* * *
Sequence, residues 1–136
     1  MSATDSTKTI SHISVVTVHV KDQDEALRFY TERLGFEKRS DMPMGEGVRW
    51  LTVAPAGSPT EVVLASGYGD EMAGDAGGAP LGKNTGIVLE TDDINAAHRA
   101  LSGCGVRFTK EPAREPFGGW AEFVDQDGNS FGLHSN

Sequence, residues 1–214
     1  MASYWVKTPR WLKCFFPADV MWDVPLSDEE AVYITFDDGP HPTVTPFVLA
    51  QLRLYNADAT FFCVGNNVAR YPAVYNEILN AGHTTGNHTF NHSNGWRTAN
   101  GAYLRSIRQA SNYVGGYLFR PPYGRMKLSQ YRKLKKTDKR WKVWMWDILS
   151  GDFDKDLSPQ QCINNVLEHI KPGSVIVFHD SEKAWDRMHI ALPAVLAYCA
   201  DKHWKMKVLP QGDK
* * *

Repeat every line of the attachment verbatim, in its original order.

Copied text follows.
Sequence, residues 1–136
     1  MSATDSTKTI SHISVVTVHV KDQDEALRFY TERLGFEKRS DMPMGEGVRW
    51  LTVAPAGSPT EVVLASGYGD EMAGDAGGAP LGKNTGIVLE TDDINAAHRA
   101  LSGCGVRFTK EPAREPFGGW AEFVDQDGNS FGLHSN

Sequence, residues 1–214
     1  MASYWVKTPR WLKCFFPADV MWDVPLSDEE AVYITFDDGP HPTVTPFVLA
    51  QLRLYNADAT FFCVGNNVAR YPAVYNEILN AGHTTGNHTF NHSNGWRTAN
   101  GAYLRSIRQA SNYVGGYLFR PPYGRMKLSQ YRKLKKTDKR WKVWMWDILS
   151  GDFDKDLSPQ QCINNVLEHI KPGSVIVFHD SEKAWDRMHI ALPAVLAYCA
   201  DKHWKMKVLP QGDK